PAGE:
Then, at 10:30 a.m., my aunt called and said that we were going to be allowed to visit. When the doctor was checking on Nanny, my aunt commented that COVID sucked, and the unfortunate by-product was that the grand kids weren’t going to be able to see her in-person. The doctor said she was a big believer in family getting the chance to say goodbye and that she would see what she could do. A couple of minutes later, the duty nurse came in letting my aunt know that we could visit as long as it was one at a time. I called my sister and the two of us headed to the hospital.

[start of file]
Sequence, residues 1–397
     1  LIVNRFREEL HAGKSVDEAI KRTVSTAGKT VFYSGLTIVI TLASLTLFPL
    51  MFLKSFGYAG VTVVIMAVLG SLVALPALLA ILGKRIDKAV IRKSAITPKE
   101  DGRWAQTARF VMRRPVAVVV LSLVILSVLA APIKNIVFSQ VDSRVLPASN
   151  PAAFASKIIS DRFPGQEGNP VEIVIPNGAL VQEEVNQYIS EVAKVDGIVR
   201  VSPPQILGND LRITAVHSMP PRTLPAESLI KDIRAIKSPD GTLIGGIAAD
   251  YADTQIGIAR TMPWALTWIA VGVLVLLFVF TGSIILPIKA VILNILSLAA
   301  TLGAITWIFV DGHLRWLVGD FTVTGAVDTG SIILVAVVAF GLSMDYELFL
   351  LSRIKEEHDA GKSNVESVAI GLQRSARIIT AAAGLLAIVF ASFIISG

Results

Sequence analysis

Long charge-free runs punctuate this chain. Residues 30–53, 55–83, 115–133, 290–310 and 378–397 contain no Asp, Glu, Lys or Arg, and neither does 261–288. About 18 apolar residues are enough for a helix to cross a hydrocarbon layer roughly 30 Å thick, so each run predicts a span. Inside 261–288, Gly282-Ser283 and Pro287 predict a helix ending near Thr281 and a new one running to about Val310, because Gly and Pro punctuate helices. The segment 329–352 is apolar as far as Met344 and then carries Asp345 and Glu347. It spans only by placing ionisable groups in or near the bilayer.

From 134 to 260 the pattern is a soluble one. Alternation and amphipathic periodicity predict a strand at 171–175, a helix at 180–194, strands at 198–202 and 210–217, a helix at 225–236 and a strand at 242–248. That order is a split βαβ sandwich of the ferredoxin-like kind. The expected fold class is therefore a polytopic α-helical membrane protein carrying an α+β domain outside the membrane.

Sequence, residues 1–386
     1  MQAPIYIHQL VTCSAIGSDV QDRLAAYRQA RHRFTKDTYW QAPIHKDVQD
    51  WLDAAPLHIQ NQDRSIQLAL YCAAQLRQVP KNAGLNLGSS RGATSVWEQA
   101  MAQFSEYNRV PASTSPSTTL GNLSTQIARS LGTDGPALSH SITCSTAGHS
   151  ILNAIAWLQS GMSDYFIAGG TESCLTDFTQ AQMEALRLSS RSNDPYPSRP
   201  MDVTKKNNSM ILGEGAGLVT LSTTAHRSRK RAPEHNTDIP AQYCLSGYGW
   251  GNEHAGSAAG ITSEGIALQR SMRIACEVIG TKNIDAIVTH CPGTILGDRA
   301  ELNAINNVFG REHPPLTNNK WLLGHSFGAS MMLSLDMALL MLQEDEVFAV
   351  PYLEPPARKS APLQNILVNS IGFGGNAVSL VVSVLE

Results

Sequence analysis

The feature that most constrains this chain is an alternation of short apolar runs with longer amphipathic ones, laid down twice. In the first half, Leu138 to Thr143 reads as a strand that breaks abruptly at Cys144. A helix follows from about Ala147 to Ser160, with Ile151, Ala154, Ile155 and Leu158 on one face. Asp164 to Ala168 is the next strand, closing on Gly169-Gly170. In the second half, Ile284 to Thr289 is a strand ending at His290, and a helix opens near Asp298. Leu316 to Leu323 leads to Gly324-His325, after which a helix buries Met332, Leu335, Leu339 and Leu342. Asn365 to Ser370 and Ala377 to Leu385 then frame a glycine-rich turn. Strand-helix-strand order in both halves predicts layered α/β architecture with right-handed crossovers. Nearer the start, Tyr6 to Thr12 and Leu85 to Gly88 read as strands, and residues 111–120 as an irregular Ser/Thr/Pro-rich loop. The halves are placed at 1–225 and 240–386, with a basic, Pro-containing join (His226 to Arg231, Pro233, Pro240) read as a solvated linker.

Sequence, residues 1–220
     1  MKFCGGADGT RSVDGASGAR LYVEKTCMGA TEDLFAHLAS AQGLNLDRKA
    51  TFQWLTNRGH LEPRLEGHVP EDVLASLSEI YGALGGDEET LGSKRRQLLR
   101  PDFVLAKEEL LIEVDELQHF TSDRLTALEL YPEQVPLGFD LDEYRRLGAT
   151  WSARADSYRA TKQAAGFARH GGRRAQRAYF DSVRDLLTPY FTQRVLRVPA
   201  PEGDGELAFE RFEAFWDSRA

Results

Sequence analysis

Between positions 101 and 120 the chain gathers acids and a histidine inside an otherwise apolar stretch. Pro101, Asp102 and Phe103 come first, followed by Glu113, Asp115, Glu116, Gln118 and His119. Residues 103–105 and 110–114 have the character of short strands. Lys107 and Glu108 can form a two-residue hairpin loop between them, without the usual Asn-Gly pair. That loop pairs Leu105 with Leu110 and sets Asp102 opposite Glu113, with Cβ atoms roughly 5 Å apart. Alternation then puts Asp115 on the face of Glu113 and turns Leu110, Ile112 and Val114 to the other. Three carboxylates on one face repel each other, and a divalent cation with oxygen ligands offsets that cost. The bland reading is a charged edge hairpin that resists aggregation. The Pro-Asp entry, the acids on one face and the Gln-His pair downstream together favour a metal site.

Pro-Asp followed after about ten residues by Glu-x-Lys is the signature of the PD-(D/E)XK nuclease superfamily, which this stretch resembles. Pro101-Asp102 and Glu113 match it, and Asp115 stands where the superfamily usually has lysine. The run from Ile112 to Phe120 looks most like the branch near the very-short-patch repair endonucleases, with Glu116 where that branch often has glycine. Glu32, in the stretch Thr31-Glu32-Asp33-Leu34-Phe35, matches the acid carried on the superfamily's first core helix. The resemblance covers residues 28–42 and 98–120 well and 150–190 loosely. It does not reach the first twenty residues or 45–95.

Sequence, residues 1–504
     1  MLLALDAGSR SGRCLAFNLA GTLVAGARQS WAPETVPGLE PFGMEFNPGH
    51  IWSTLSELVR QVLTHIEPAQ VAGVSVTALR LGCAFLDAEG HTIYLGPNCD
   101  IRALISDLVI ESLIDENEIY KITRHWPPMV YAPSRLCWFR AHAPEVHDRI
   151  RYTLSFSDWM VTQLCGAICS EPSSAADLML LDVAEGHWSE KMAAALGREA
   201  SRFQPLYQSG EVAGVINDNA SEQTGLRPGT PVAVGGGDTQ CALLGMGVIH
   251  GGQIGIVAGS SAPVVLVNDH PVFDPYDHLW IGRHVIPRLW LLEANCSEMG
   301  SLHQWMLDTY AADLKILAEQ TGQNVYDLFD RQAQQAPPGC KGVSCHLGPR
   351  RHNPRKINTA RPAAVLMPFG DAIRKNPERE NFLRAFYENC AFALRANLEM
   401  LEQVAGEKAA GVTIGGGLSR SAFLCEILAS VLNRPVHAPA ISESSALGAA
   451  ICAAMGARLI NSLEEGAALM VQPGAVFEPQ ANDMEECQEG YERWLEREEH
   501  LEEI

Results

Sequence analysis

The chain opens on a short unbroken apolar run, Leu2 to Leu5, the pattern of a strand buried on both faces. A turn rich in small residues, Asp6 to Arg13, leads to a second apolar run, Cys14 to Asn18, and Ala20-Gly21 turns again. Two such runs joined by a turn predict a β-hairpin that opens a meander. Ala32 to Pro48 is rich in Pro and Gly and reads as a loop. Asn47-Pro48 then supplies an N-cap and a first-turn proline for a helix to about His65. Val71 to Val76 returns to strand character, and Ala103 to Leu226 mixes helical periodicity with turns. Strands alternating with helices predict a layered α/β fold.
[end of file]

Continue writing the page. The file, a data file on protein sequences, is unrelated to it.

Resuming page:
We got there around noon. The front entrance screening staff had not been informed about this exception to the rule and had to make a few calls to verify the information. She apologized for the wait, and we told her not to worry about it. They were doing us a favour and we appreciated it very much. After about five minutes, she gave us visitor badges and said that we could wait in the cafeteria for our aunt. She would have to come down so that one of us could go up. Since I drove, I called dibs on getting to see Nanny first (sibling rivalry never ends) and headed up to the fifth floor not really knowing what to expect. My aunt had come down in a gown, gloves, N95 mask and visor. She said I should expect to have to get the same when I arrived on the fifth floor. But there was no one there and when I got to the nurses’ station by my Nanny’s room, I told the nurse I was there to say my goodbyes and she told me to go on in.